Alfalfa weevil populations are high this year, creating challenges for producers. Questions have arisen on how to get some value out of the forage by grazing it rather than putting it up for hay.
Two crops in one year may sound tempting, and for some crop species is possible, but before doing so, producers should consider possible crops and compare the potential benefits with the drawbacks.
Throughout the manual, various policies indicate that they are in addition to the policies and procedures in place at the camping facilities. As a renter of camping facilities, SDSU Extension and South Dakota 4-H will follow all policies and procedures outlined at the facilities rented and employ any additional policies as needed.
A guide depicting common diseases of Dry Peas in South Dakota
As a challenging 2019 row crop planting season wraps up in South Dakota, many producers are looking to plant cover crops on unplanted acres. One popular cool-season grass cover crop is oats. Most oats in South Dakota are grown as certified varieties, and it is important to be aware of the legal ramifications behind purchasing oat seed for use as a cover crop.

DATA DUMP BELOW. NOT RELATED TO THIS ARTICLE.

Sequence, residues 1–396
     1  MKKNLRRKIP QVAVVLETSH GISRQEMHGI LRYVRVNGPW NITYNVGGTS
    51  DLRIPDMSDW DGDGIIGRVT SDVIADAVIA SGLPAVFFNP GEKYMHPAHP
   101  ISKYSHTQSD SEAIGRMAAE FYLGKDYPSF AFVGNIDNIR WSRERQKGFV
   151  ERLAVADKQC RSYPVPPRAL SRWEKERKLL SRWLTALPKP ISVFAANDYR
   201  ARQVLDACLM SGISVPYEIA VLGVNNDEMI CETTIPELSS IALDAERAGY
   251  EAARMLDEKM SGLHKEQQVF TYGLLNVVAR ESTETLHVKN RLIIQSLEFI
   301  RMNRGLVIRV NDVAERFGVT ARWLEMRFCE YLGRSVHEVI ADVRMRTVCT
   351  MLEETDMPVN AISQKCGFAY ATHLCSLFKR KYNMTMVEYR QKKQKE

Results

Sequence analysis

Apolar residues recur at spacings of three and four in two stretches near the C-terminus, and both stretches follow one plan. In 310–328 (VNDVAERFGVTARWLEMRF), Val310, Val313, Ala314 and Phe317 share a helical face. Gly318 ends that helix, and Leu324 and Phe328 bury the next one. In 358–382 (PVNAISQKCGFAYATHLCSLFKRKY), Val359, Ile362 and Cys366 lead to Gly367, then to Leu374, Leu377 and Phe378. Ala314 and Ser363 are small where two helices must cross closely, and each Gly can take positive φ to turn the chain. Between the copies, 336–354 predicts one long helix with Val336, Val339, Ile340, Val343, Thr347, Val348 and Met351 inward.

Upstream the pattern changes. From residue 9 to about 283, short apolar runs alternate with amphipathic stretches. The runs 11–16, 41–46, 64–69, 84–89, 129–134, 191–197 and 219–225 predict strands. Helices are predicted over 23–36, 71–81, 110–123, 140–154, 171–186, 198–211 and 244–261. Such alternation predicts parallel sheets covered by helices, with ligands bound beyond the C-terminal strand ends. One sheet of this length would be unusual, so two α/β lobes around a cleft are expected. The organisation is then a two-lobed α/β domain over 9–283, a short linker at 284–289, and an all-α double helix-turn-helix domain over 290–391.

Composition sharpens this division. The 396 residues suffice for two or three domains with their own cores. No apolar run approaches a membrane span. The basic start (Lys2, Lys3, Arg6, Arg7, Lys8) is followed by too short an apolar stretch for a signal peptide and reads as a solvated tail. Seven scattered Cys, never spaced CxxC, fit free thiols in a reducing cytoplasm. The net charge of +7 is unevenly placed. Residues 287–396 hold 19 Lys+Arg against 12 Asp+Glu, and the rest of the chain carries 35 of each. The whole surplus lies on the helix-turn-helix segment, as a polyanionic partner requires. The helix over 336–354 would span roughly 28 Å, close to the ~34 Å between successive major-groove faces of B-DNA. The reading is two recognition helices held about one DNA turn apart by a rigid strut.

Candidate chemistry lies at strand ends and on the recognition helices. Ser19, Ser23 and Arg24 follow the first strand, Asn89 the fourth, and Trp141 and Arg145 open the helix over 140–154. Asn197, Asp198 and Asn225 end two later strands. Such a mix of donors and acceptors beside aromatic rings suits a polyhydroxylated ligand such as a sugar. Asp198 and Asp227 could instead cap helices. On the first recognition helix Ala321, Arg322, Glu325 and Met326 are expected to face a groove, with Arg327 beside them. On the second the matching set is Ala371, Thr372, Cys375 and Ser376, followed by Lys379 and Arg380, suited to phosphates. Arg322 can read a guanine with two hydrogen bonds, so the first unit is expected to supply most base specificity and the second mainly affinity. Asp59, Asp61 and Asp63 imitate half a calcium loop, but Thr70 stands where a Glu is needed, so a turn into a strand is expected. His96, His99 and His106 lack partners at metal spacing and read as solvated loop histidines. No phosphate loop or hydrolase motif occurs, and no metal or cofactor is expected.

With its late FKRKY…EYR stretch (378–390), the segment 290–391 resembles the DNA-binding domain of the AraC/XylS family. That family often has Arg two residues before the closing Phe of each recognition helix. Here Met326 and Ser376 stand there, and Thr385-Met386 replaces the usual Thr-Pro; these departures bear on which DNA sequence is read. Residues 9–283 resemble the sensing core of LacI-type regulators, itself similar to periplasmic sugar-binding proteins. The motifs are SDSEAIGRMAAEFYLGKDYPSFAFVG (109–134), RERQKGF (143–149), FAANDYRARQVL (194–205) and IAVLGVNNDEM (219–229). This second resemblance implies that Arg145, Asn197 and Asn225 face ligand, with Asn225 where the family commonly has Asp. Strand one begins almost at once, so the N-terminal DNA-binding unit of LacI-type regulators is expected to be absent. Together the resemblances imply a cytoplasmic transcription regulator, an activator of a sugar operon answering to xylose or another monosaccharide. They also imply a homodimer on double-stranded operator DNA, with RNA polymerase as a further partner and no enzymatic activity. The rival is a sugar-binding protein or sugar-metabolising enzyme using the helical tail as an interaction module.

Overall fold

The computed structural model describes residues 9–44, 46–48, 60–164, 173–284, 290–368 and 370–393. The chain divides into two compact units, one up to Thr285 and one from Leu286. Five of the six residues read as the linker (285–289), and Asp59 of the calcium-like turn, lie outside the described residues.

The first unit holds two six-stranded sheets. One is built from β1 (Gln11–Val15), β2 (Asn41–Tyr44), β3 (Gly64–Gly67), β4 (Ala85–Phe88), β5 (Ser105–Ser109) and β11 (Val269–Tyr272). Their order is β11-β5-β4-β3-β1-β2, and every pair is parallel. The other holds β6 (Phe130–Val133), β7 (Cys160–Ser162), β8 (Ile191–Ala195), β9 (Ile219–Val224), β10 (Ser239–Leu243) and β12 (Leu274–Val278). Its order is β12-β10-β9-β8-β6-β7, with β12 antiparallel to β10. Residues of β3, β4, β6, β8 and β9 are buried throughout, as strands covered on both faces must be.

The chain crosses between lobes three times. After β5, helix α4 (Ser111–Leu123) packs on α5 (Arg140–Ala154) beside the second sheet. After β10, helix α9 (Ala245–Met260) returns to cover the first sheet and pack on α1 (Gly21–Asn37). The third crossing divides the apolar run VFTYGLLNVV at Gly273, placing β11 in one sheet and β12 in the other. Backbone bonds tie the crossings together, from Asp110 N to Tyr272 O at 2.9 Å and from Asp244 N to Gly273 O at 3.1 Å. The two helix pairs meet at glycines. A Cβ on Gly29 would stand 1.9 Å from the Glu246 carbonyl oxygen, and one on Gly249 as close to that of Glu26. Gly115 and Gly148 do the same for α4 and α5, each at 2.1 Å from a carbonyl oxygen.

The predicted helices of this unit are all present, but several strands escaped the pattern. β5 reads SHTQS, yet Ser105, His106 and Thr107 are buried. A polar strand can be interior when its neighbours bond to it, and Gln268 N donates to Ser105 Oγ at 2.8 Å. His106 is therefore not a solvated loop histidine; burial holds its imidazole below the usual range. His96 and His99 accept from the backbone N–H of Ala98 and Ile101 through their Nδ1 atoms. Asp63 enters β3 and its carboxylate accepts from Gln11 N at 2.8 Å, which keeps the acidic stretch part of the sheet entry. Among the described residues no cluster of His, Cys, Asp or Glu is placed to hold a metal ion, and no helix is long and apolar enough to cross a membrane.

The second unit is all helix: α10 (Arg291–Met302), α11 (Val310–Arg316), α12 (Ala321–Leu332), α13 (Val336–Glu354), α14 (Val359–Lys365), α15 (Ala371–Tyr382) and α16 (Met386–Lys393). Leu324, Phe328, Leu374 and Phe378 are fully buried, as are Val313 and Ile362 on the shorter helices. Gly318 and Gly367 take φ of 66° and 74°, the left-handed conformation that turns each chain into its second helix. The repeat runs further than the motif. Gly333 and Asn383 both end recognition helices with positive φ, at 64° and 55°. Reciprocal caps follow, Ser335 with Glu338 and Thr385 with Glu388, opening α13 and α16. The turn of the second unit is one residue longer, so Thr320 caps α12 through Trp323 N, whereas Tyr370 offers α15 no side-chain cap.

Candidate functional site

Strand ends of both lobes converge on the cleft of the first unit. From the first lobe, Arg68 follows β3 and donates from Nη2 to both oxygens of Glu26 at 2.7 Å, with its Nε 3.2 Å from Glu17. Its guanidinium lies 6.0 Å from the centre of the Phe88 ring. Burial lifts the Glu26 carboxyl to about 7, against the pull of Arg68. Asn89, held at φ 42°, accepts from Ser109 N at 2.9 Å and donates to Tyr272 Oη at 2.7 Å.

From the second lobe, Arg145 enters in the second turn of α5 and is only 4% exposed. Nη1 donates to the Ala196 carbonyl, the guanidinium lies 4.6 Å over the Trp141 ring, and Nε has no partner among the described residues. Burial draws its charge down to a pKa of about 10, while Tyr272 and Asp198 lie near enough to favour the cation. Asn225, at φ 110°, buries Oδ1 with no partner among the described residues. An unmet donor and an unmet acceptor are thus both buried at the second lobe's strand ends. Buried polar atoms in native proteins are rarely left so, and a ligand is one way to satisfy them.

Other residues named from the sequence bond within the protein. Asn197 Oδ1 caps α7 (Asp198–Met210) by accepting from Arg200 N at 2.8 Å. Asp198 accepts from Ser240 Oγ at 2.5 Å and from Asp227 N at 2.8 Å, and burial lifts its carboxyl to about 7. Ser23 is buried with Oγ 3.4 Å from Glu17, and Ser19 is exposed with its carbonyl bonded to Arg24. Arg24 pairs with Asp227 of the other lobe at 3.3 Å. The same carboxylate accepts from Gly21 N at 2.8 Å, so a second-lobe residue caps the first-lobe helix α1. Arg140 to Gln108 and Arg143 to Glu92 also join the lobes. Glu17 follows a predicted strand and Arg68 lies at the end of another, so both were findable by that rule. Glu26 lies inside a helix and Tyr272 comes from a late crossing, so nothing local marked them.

After oats have been harvested, options exist to keep a living root in the soil. This can be done through growing cover crops. In 2018 an on-farm trial was preformed near Salem, South Dakota to observe how cover crops grown after oats would germinate after common herbicides had been applied.
Hay that contains sweet clover can be an excellent feed as long as the dicoumarol level is known and feeding management is used to prevent poisoning.
Producers across South Dakota are harvesting small grains. These crops provide an excellent window for adding a cover crop into your rotation.
Spring green-up is the time to be watching for black grass bug activity. Large populations of this early-season pest can cause severe damage to pasture (up to 90% forage reduction) and infest the edges of wheat fields.
In last few years, interest in using cover crops has been increasing tremendously among crop and livestock producers in South Dakota. Growing cover crops following small grain is gaining more attention due to feasibility in cover crops species selection and also the time of the year where cover crops receive longer growing and establishing time than following row crops.